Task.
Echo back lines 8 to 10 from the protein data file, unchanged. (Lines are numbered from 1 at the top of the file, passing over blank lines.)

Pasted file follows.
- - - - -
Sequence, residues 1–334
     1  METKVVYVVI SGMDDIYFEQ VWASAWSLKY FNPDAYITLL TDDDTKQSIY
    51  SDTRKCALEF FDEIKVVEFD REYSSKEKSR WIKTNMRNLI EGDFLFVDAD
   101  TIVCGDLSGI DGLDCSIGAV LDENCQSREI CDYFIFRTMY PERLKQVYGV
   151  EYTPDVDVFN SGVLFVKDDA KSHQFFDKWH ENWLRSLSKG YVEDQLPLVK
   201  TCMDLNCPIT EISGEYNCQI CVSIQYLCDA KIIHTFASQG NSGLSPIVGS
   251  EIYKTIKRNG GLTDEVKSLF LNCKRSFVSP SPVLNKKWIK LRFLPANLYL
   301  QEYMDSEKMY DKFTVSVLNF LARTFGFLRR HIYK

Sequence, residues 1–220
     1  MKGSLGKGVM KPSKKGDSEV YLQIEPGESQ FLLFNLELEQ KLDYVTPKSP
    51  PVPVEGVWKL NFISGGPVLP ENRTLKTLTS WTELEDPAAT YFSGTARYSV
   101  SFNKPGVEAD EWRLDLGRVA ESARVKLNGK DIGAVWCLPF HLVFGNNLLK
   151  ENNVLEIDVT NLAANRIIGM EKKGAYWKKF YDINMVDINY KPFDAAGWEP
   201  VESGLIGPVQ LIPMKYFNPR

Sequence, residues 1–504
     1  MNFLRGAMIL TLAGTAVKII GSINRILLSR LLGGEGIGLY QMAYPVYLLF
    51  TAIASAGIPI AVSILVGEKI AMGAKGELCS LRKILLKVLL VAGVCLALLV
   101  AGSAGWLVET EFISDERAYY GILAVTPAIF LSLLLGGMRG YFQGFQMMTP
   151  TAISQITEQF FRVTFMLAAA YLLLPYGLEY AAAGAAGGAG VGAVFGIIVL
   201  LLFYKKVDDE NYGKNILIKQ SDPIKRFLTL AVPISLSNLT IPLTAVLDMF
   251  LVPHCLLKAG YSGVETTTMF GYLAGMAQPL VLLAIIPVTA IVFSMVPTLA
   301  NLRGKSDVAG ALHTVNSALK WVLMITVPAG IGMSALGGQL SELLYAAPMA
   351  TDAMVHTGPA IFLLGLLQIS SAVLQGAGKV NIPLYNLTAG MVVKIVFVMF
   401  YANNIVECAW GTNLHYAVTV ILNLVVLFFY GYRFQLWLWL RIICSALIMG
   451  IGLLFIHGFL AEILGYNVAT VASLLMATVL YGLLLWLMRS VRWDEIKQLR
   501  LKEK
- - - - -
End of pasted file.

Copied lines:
   301  QEYMDSEKMY DKFTVSVLNF LARTFGFLRR HIYK

Sequence, residues 1–220
     1  MKGSLGKGVM KPSKKGDSEV YLQIEPGESQ FLLFNLELEQ KLDYVTPKSP